There, Dim makes a crude comment about a woman singing an operatic passage, and Alex – though a sociopath, a keen lover of classical music as well – strikes him, making known to the reader the existent strains inside the gang.

Alex goes back to his parents’ apartment and plays himself some classical music at top volume:

Oh it was gorgeousness and gorgeosity made flesh. The trombones crunched redgold under my bed, and behind my gulliver the trumpets three-wise silverflamed, and there by the door the timps rolling through my guts and out again crunched like candy thunder. Oh, it was wonder of wonders… I was in such bliss, my brothers.

We already told you that he really likes classical music, the “Lovely Ludwig Van” especially!

The next day, Alex feigns illness to his parents to stay out of school and gets an unexpected visit from P. R. Deltoid, a criminal rehabilitation worker with an assignment to keep Alex on the straight road.

Once he leaves, Alex goes to a record store where he meets two pre-teen girls. He takes them to his apartment, then drugs them and rapes them.

The next morning, his droogs rebel against his leadership, but Alex prevails, slashing Dim’s hand and fighting with Georgie.

To appease the three, he takes them to a bar and insists on following through with Georgie’s plan to burgle the home of a wealthy old woman.

However, once there, Dim strikes Alex and the gang leaves him there to be arrested by the police.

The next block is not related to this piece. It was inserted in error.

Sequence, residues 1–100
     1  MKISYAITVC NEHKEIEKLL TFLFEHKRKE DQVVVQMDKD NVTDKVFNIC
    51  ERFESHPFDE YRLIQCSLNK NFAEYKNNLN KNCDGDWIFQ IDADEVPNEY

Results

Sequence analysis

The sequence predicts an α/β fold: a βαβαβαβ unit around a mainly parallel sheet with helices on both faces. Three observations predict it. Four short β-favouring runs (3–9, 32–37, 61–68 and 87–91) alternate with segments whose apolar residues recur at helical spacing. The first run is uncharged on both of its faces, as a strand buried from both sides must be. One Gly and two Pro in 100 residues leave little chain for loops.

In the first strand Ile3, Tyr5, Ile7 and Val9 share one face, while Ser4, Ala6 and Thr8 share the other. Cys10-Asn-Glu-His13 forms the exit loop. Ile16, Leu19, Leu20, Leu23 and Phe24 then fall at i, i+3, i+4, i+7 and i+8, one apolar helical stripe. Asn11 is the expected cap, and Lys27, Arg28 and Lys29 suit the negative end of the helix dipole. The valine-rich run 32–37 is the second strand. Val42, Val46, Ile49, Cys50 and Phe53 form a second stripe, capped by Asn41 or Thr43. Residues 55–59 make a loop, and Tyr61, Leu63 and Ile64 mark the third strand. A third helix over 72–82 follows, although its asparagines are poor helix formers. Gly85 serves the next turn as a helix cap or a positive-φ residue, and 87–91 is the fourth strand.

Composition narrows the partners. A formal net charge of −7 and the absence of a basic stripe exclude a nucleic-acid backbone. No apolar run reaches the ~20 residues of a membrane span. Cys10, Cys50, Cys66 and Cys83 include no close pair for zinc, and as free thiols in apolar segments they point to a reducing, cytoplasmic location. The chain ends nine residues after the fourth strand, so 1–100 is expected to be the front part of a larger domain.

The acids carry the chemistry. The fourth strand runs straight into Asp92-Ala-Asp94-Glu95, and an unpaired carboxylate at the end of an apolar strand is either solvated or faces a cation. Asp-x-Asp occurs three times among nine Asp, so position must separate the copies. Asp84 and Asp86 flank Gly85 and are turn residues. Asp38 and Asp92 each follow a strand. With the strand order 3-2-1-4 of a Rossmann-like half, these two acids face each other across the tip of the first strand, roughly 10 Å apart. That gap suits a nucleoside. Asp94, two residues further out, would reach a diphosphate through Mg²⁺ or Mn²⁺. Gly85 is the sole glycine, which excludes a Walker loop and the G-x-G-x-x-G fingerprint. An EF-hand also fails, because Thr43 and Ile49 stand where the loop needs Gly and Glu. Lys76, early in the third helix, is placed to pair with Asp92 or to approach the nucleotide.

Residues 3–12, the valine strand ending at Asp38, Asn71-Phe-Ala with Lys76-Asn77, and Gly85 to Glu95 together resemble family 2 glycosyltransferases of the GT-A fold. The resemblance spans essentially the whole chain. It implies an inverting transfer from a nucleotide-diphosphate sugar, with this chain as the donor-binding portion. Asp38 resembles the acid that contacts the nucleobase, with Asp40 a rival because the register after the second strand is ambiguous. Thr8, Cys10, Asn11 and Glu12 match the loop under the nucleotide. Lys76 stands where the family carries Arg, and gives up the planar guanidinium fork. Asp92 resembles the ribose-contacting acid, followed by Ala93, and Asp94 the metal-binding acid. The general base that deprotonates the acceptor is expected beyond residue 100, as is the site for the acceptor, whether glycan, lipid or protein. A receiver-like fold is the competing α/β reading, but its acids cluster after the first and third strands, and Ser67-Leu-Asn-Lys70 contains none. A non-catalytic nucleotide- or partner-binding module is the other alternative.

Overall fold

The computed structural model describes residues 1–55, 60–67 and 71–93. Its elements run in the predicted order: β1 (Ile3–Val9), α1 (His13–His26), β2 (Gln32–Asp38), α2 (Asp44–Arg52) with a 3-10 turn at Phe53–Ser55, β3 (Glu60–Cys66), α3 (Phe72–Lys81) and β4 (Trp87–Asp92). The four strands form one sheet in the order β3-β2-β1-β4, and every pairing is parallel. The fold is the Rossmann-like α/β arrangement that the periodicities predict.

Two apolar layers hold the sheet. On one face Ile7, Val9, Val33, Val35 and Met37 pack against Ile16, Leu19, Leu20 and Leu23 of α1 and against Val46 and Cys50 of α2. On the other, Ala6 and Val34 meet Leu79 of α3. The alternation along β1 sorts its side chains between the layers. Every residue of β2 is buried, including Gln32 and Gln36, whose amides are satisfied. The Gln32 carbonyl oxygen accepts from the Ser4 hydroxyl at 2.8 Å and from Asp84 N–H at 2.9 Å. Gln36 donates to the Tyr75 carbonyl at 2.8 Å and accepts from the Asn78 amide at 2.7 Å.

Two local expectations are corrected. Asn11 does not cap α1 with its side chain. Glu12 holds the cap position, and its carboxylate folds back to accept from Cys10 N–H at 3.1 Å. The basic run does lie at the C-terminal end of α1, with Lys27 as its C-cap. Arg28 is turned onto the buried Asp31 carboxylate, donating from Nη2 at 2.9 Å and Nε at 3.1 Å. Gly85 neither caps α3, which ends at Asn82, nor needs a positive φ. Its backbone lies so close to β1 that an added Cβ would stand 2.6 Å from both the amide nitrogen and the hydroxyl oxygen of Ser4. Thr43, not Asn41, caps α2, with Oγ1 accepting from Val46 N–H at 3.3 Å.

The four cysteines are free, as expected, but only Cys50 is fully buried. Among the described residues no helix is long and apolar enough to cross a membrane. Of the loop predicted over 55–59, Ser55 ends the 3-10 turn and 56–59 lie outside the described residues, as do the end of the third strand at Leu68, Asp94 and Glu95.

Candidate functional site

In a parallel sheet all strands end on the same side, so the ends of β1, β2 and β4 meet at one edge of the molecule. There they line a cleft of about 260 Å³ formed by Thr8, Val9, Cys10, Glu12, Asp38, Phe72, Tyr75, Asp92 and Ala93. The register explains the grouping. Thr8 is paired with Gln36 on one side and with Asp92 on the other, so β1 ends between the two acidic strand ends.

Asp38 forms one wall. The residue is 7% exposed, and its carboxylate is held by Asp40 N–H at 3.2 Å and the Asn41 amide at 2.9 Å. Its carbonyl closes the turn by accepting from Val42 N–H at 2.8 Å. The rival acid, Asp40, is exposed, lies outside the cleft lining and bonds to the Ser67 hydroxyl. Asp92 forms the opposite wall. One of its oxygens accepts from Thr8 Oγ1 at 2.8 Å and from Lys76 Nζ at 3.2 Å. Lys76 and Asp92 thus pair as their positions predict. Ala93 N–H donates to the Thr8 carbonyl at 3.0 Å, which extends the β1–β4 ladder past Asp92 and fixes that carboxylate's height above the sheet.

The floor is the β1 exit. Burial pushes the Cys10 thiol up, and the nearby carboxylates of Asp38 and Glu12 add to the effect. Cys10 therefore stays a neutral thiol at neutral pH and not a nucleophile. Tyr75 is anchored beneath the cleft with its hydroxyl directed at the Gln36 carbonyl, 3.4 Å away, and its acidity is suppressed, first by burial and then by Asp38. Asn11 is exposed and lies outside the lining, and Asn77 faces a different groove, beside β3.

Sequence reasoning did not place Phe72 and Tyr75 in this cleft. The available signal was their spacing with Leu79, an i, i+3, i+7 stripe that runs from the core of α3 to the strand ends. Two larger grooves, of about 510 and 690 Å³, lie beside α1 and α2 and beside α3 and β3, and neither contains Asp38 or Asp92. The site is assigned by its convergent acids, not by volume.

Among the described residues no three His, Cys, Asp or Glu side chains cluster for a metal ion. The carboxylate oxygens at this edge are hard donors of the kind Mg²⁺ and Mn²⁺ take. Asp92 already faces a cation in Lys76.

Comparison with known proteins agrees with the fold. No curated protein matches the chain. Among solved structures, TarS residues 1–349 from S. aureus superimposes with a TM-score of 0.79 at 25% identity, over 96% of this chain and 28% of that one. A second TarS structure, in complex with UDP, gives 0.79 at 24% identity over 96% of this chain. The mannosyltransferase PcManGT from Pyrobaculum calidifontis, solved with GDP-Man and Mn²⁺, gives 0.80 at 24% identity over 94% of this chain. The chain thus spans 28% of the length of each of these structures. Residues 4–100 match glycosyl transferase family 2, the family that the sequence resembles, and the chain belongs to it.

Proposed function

Part 2: The Ludovico Technique

The old woman dies from her injuries. Alex is tried for murder and sentenced to 14 years in prison.

In the meantime, Georgie dies as well – as Alex learns from his parents while in prison.

Two years in, and we see Alex spending his time playing religious music for the Sunday services, and reading the Bible in the meantime.

But make no mistake – he does that not for religious purposes, but because of the music and the violent passages in the Scripture.

Soon after, due to his violent behavior, he is chosen to be a lab rat, and he undergoes an experimental behavior-altering treatment dubbed the Ludovico Technique.

The Technique – co-developed by Dr. Branom and Dr. Brodsky – consists of injecting Alex with nausea-inducing drugs, while playing him graphically violent images.

The goal is to condition Alex to link them so that his body starts naturally reacting to violence with aversion.

However, the soundtrack to one of the films Alex is forced to watch includes Beethoven’s Fifth Symphony – Alex’s favorite work – and, as a side-effect, he starts hating classical music as well.

A demonstration of the effects of the Ludovico Technique follows.

A group of VIPs watches Alex as he breaks down before a bully and degrades himself before a naked young woman and the government officials can’t be happier with the results.

Determined healthy, Alex is released from prison.

Part 3: After Prison

Alex returns home, but only to find out that he’s been replaced by a lodger.

He starts wandering the streets and eventually ends up in a public library, where he attempts to find a painless method to commit suicide.